|Product Name||James Bond [Blu-ray]|
|Category||Electronics / Photography: A/V Media: Movie|
|Amazon.com||Buy on Amazon ~ B001CRRAJO|
|Price New||62.22 US Dollars (curriencies)|
|Price Used||29.55 US Dollars (curriencies)|
|Cast||Sean Connery, Ursula Andress, Bernard Lee, Joseph Wiseman, Jack Lord|
|Genre||ACTION & ADVENTURE|
|Run Time||706 unknown-units|
|Long Description||UK Released DVD/Blu-Ray item. It MAY NOT play on regular US DVD/Blu-Ray player. You may need a multi-region US DVD/Blu-Ray player to play this item. Theyâ€TMve taken their time getting here, but the 007 back catalogue finally makes its bow in high definition, with a broad choice of films to get things started. And where better to start than with the film that started the James Bond saga off in the first place? Dr. No, starring Sean Connery, is the first of the official Bonds, and regarded by many as one of the best. Itâ€TMs inevitably quite raw by recent standards (and arguably better for it), but the balance of humour and action is superbly handled, and it continues to endure far beyond nostalgia value. From Russia With Love, also starring Connery, is even better (and this is the 007 film that plenty cite as their outright favourite), pitting Bond up against SPECTRE in an ambitious and outstanding adventure. The final Connery title in the set is Thunderball, which finds SPECTRE again up to no good, holding a city to ransom under threat of an atomic weapon. It, too, is premium Bond, and great to see in high definition. Next up in the set is a pair of Roger Moore outings, starting with his debut in the role, Live and Let Die. The memorable title song aside, this is an often-underrated adventure, replete with dramatic boat chase, and drug smugglers needing to be taken down. Then thereâ€TMs For Your Eyes Only, which pits Bond against Julian Gloverâ€TMs Kristatos in the hunt for the ATAC weapons system. The final film in the set is Pierce Brosnanâ€TMs swansong as 007, Die Another Day, which also introduces Halle Berry as Jinx, a massive ice castle and the oft-mocked invisible car. But itâ€TMs a harder adventure than youâ€TMd expect, and again, better than itâ€TMs given credit for. Itâ€TMs been some wait for James Bond fans eager to get their hands on high definition versions of their favourites. And while there are still plenty o|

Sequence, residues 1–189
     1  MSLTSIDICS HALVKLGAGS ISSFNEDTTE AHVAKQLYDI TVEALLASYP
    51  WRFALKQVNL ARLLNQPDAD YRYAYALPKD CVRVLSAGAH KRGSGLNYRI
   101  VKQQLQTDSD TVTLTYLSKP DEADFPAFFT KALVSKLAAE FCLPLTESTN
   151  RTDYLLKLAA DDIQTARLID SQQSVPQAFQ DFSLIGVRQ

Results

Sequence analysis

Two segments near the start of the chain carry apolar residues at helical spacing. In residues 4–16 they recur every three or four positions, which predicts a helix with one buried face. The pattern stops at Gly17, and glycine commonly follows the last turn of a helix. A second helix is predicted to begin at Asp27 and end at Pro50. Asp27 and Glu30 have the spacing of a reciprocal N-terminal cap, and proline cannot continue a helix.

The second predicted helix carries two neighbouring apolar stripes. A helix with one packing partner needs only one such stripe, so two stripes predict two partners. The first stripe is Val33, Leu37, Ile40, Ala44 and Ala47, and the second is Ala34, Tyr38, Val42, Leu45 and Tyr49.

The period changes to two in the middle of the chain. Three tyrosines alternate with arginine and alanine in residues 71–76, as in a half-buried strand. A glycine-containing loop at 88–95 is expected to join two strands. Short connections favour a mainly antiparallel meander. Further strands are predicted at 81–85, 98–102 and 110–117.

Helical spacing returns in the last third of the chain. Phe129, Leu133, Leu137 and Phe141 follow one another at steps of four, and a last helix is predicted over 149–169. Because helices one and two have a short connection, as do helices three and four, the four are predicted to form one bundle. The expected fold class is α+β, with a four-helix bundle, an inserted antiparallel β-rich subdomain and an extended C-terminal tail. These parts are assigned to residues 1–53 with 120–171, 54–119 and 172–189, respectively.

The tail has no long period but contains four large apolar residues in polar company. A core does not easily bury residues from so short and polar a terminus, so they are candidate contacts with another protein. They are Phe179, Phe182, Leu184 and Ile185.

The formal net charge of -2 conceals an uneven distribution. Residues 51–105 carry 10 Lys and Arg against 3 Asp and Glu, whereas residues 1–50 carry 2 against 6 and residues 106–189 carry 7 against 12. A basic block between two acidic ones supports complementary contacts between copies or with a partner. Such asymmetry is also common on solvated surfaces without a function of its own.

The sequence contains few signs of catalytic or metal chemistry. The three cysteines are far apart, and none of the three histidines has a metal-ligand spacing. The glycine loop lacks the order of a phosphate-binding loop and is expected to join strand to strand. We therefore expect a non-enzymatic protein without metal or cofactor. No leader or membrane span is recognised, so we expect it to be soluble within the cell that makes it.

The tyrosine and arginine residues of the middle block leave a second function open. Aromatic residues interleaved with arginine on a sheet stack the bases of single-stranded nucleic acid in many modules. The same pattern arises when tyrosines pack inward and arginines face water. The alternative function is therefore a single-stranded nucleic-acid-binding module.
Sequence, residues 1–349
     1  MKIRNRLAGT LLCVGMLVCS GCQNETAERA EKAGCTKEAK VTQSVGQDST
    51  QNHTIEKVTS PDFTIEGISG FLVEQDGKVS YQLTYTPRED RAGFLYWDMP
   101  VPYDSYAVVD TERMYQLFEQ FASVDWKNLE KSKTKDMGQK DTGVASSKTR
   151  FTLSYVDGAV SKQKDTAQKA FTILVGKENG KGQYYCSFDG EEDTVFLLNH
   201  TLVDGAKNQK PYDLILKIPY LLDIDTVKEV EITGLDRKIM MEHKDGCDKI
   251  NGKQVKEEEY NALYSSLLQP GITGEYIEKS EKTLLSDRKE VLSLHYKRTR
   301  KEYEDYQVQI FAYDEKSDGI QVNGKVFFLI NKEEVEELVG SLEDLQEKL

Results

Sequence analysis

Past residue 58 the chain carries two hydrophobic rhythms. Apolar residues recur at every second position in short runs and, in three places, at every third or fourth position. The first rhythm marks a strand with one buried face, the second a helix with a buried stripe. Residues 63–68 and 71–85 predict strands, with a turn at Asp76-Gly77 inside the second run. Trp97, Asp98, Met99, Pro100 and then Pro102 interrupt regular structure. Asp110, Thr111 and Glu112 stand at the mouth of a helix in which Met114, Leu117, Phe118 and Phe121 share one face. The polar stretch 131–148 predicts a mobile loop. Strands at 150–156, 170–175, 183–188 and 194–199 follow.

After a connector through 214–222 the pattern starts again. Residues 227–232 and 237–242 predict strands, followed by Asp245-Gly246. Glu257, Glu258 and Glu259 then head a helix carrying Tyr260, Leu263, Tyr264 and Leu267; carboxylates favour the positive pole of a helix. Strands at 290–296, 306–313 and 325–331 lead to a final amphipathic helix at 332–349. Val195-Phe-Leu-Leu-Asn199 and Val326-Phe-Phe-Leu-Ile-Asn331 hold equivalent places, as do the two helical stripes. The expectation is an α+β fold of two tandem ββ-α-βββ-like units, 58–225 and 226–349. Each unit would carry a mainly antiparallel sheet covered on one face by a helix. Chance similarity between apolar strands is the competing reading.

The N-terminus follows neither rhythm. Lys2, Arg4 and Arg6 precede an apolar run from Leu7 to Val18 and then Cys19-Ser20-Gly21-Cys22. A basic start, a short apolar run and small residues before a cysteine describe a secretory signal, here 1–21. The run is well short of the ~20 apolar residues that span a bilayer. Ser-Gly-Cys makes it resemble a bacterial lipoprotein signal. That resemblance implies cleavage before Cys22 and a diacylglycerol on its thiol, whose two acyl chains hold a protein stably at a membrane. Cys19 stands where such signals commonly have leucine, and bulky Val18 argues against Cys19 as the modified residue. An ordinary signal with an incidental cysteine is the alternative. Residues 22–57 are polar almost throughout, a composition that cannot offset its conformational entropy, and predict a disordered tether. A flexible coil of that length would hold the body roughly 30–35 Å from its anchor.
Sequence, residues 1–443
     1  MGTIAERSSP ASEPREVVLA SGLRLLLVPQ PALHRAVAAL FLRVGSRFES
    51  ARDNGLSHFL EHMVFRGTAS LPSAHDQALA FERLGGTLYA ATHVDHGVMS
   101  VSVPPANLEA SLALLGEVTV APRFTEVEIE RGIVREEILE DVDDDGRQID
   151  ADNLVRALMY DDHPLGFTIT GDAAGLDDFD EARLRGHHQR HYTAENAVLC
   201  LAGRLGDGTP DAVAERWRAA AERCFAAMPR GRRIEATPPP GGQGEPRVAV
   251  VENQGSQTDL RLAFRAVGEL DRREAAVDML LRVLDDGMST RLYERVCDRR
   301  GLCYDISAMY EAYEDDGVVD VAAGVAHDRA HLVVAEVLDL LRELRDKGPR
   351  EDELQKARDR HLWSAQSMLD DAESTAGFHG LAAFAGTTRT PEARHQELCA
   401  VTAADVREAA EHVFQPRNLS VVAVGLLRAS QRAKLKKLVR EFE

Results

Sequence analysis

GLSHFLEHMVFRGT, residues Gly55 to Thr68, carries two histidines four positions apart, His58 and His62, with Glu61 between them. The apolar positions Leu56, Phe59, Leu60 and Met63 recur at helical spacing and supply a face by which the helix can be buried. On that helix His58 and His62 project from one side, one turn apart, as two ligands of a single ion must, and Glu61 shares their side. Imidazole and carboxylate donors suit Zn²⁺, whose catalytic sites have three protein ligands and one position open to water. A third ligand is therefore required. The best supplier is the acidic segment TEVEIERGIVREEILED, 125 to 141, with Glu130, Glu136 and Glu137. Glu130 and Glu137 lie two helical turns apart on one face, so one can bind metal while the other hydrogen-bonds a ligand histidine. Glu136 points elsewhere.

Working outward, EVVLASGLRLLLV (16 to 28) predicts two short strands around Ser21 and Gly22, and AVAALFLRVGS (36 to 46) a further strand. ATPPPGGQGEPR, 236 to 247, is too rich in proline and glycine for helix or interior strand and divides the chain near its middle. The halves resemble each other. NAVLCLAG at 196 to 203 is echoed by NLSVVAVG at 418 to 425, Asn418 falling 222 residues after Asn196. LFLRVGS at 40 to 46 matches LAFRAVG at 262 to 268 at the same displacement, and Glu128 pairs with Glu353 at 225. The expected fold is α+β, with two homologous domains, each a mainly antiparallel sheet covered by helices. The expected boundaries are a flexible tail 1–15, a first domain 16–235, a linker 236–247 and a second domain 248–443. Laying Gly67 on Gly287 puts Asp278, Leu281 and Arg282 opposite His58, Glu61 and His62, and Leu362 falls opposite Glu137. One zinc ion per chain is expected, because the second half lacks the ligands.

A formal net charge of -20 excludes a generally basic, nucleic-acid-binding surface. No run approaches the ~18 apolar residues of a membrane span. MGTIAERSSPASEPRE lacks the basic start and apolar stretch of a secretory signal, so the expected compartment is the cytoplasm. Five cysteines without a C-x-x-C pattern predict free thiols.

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Article of interest
Barcodes are graphical representations of data that are hard for people to read but very easy for scanners to read. These codes come in various formats and are used all over the place for so many reasons. Some are lines others are blocks and they come in many styles.
Barcodes started out as 1D codes that look like a series of virtical lines taht come in various thincknesses and represent a small amount of date. Some examples include EAN, UPC and ISBN which are found on products and books you encounter every day. Here are some samples:
For slightly more complex data that includes numbers and letters and some times punctuation, there are other types of barcodes such as Code 39, Code 128, Interleaved 2 of, Codabar, MSI and Plessey. Examples of these are shown here:
You can see that all of these have the same basic format of vertical lines. They are actually very different in the the way they encode the data though and not all scanners can understand all of the different barcodes.
There are also a number of 2D barcodes. These look like retangles or squares filled with dots or blocks. These require image scanners that can see the entire image not just a stripe through the middle of the code. There are several different types of these codes. One of the most popular codes at the moment is the QR Code which stands for Quick Response Code and you have probably seen it in advertisements. Here are some examples of 2D barcodes.
You can see that these are far more complex than the standard 1D barcodes. They also store a lot more data in a much smaller area in relative terms. You will find these in warehouses and on shipping packages. Many people and government agencies are using these codes on ID badges and ID cards to store information.
If you need to make your own barcodes, you can do it here on this site. We have two pages related to making barcodes. One page for 1D and one for 2D barcodes because the two are created in very different ways. Use these links to get to the pages where you can make your own FREE barcodes.